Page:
By Martin Quin Pollard
LAIWU, China (Reuters) – In a room inside a hillside Taoist monastery in China’s Shandong province lies a collection of 558 memorial tablets inscribed with the names and home towns of people who died after contracting the coronavirus or while battling the pandemic.
Some of them, like Li Wenliang, are household names in China. Others, like Liu Hewei, are not.
“A person’s true death is when the whole world has forgotten them,” said Taoist priest Liang Xingyang, who started the collection on Jan. 29, shortly after Chinese authorities announced that the virus could pass between humans.
“No matter what religion or beliefs they hold, their spirit deserves to be passed on. In fact, they live on in our hearts.”
Taoism, or Daoism, is a philosophy-turned-religion that has tens of millions of followers in China and is one of the country’s five officially sanctioned religions.
Taoists use memorial tablets to give souls a place to rest after death, Liang said.
The monastery complex, where a small community of priests lives, sleeps, eats and worships, is spread across a rocky hill. In one hall perched high up and reached by a steep flight of stairs, the ornate gold and blue slabs are stacked in neat rows.
An act of remembrance on such a scale is unusual in China – Liang believes his is the only such collection linked either to Taoism or Buddhism.
China, where the coronavirus emerged in the city of Wuhan late last year, has held remembrance events arranged by the government and some museums have asked the public to donate items to commemorate the country’s fight against COVID-19.
But much of the country has reopened after lockdown and striven to return to normal life as new cases slow.
That is in contrast to the widespread anger in China early on in the pandemic when Li Wenliang, a young doctor who was reprimanded by police after he tried to raise the alarm about the virus, died of the associated disease in early February.
As of Sept. 8, there have been 85,146 confirmed COVID-19 cases in mainland China and 4,634 people have died. Globally, at least 897,000 people have died from COVID-19 and over 27 million have been infected.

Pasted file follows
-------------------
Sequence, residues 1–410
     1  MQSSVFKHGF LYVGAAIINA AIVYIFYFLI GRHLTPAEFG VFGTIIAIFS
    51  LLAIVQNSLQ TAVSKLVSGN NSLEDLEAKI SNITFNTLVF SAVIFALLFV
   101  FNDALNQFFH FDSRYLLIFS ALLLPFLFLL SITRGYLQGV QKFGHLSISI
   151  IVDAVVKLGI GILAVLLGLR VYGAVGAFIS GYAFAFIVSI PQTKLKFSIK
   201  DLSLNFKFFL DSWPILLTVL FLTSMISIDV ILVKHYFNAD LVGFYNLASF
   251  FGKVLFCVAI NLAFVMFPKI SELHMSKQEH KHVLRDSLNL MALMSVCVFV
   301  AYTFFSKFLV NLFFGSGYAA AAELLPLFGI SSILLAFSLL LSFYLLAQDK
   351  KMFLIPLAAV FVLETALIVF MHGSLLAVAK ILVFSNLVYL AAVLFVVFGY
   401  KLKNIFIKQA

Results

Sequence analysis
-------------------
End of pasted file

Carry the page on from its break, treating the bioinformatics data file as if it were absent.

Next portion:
Of those honoured by the tablets, only a minority died of COVID-19. Most died from other causes, like exhaustion from overwork, Liang said, adding that he compiled his list of “heroes” based on state media reports or government notices.
Liu, for instance, was a 42-year-old government official from Inner Mongolia who died in February of a heart attack after working 20 days consecutively as a deputy director of a large local market.
Liu’s widow visited the monastery at the end of August to see his tablet, a reminder for 41-year-old Liang that contacting grieving relatives was the toughest part of the project.
“I think that enabling them to see each other in this way, enabling relatives to discover that after one of their family had lost their life, someone else remembers them, I think this is the greatest comfort to me,” Liang explained.
During a recent visit, priests moved across the monastery’s colonnaded courtyards in ornate, multi-coloured robes and black caps. At a ceremony for one of the dead being honoured, a family member knelt while priests flanked her. Cymbals crashed and chants were sung.
Liang said he faced some resistance from authorities to his idea, but discussions resolved the issues.
He was also accused by some of using the memorials to try to spread his religion and make money through donations, accusations he denies. He even received death threats online.
To address the concerns, Liang, who also runs a jewellery company with over a dozen employees, has refused donations for the tablets, despite spending over 200,000 yuan (22,510.83 pounds) on them so far.
Liang, who has a following of three million people on China’s Twitter-like Weibo, does get help from young people who have joined him over the years, including Deng Shiquan, a 28-year-old former restaurant worker who is now a priest.
“The hardest thing is to keep going,” Liang said.
“We maintain them (the tablets) every day. Then we wait to see if, once this disaster has finished, will people still remember them? It is this which is the biggest hurdle.”
(Reporting by Martin Pollard in Laiwu, China; Additional Reporting by Tingshu Wang; Editing by Brenda Goh and Mike Collett-White)